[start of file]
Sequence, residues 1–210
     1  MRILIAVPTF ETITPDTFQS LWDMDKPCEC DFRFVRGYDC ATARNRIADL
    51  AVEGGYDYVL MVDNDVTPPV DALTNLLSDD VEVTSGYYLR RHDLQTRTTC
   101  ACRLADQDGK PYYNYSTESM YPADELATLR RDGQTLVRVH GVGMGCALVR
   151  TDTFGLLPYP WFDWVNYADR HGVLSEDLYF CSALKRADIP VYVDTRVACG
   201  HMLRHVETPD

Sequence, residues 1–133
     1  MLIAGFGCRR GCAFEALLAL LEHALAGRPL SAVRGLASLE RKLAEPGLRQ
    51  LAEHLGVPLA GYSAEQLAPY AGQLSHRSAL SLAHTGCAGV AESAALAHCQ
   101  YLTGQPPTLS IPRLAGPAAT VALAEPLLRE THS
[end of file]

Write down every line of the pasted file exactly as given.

Sequence, residues 1–210
     1  MRILIAVPTF ETITPDTFQS LWDMDKPCEC DFRFVRGYDC ATARNRIADL
    51  AVEGGYDYVL MVDNDVTPPV DALTNLLSDD VEVTSGYYLR RHDLQTRTTC
   101  ACRLADQDGK PYYNYSTESM YPADELATLR RDGQTLVRVH GVGMGCALVR
   151  TDTFGLLPYP WFDWVNYADR HGVLSEDLYF CSALKRADIP VYVDTRVACG
   201  HMLRHVETPD

Sequence, residues 1–133
     1  MLIAGFGCRR GCAFEALLAL LEHALAGRPL SAVRGLASLE RKLAEPGLRQ
    51  LAEHLGVPLA GYSAEQLAPY AGQLSHRSAL SLAHTGCAGV AESAALAHCQ
   101  YLTGQPPTLS IPRLAGPAAT VALAEPLLRE THS